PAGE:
A compound of specific bioactive products from a major family of enzymes reduced the severity of age-related macular degeneration (AMD) in a preclinical model, according to a new study led by Massachusetts Eye and Ear researchers.
A new University of Liverpool study, published in Brain and Behaviour, identifies simple measures that could substantially improve the quality of life of stroke survivors with visual impairments.
In a nationally representative sample of older US adults, visual impairment was associated with worse cognitive function, according to a study published by JAMA Ophthalmology
Like the rest of the body, the brain loses flexibility with age, impacting the ability to learn, remember, and adapt. Now, scientists at University of Utah Health report they can rejuvenate the plasticity of the mouse brain, specifically in the visual cortex. Published today in PNAS, the study shows that manipulating a single gene triggers the shift, revealing it as a target for new treatments to recover the brain's youthful potential.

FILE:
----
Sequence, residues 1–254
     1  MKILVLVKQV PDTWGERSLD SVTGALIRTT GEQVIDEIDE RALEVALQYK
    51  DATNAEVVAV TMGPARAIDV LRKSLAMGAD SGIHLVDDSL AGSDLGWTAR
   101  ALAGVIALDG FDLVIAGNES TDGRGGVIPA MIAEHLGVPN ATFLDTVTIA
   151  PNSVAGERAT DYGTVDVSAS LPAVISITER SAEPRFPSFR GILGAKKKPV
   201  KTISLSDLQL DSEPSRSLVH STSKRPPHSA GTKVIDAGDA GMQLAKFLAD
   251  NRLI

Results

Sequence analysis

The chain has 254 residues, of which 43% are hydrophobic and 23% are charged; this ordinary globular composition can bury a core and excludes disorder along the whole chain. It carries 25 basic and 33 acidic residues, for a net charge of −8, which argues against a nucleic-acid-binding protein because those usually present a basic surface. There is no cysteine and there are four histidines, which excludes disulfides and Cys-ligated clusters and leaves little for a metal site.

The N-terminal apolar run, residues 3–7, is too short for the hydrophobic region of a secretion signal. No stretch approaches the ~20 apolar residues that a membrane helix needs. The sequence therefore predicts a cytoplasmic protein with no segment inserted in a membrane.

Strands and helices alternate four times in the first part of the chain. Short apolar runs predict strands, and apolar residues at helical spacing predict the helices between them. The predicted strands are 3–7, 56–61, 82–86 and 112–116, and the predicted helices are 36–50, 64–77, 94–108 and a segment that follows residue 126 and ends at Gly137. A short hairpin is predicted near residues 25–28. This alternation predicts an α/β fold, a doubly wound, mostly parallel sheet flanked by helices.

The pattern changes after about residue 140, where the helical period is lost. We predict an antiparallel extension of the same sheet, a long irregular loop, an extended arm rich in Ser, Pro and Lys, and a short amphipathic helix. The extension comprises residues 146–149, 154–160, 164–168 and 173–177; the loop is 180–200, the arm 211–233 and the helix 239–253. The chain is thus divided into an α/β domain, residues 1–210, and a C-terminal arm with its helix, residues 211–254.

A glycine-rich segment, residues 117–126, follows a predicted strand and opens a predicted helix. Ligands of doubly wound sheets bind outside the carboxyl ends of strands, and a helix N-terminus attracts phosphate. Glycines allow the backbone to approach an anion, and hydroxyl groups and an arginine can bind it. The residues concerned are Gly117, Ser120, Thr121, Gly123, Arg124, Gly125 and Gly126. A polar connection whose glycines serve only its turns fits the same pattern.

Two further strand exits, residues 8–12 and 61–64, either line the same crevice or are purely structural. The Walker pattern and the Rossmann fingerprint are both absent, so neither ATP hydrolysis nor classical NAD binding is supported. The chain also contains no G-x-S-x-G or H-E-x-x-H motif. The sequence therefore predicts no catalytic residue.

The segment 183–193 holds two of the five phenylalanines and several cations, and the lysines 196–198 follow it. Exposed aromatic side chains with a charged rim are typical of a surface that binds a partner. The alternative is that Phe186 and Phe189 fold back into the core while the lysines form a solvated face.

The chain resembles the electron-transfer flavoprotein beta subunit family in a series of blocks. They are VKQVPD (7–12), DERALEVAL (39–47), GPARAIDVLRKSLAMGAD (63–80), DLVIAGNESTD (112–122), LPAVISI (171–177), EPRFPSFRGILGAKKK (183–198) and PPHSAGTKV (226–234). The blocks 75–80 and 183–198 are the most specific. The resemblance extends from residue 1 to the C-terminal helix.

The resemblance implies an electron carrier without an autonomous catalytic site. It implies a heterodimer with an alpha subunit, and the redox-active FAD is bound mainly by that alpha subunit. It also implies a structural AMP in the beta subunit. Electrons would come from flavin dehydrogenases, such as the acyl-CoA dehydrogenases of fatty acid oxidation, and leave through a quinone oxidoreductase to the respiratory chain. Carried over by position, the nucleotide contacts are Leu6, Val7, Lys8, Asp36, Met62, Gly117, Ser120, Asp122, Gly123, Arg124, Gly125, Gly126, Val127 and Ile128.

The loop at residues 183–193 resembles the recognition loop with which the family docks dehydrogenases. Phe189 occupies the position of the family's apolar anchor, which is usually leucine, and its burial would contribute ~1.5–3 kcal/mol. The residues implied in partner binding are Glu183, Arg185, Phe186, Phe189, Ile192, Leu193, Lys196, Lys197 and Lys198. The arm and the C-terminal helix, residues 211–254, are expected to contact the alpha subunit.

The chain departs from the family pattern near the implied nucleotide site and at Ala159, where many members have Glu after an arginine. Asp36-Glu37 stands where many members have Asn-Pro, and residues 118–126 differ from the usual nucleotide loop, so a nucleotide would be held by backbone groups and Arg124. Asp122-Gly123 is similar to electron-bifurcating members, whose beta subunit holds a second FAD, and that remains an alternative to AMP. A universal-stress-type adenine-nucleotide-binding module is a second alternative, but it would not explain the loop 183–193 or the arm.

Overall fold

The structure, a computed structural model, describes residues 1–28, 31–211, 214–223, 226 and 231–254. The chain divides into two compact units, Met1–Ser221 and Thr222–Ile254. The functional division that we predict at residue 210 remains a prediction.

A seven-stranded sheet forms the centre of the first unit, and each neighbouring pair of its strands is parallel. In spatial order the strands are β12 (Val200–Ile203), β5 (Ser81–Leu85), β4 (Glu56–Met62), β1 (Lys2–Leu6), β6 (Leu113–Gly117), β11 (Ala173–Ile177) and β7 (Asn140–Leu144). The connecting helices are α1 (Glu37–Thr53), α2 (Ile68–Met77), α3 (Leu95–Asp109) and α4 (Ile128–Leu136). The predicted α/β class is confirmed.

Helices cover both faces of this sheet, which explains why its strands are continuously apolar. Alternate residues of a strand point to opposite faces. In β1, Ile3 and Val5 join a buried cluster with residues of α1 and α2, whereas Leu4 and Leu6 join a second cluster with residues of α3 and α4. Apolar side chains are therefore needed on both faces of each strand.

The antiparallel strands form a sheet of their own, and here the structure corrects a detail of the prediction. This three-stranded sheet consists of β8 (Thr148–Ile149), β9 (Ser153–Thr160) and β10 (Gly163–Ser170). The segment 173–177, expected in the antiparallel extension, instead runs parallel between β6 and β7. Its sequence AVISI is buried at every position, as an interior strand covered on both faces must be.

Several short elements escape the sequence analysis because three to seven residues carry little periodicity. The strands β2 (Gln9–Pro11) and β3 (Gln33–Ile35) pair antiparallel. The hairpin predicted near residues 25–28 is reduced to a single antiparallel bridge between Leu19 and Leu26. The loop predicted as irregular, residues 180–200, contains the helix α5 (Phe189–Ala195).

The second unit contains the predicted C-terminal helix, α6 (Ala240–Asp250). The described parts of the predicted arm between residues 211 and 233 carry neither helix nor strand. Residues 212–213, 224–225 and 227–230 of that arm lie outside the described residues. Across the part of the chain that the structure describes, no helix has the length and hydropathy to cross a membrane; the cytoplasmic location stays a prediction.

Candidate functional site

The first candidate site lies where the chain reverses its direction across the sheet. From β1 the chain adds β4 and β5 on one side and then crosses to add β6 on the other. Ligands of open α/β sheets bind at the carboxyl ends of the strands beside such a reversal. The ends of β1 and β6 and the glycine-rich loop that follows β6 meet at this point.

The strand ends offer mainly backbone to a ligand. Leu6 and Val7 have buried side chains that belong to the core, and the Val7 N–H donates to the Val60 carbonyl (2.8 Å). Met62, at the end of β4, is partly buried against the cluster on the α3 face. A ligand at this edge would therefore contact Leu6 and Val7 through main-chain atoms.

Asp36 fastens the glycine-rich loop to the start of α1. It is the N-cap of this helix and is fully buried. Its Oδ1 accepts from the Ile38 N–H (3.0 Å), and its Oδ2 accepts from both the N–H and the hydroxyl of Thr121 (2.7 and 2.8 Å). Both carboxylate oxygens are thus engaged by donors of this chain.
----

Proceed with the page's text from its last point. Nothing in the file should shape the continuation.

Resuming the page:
Where are baseball batters looking during the fraction of a second when a pitched ball is in their air? Their visual tracking strategies differ depending on whether they're swinging at the pitch, reports a study in the August issue of Optometry and Vision Science, the official journal of the American Academy of Optometry. The journal is published by Wolters Kluwer.
A new study by researchers at the University of Houston College of Optometry, published in Ophthalmic & Physiological Optics, found that blue light emitted from digital devices could contribute to the high prevalence of reported sleep dysfunction.
Football officials watching slow-motion clips or drivers changing from motorways to 30 mph zones could be unconsciously misjudging speed -- and the motivations behind a person's movements -- because their perceptions of 'normal' have been altered by recent experiences, new research has found.
Computer simulations of electrical charges sent to retinal implants based on fractal geometry have University of Oregon researchers moving forward with their eyes focused on biological testing.
Scientists have succeeded in regenerating functional retinal cells in adult mice. Like humans, mice cannot repair damage to their retinas. However, because zebrafish can, researchers created in mice a version of the fish gene responsible for turning Muller glia into retinal cells if eye injury occurs. Researchers found way to prevent the gene's activity from being blocked as the mice got older. The new interneurons formed connections and reacted normally to signals from light-detecting cells in the retina.
A research team from the Schepens Eye Research Institute of Massachusetts Eye and Ear has successfully prevented mice from developing angiogenesis of the retina--the sensory tissue at the back of the eye--using gene-editing techniques with CRISPR-Cas9.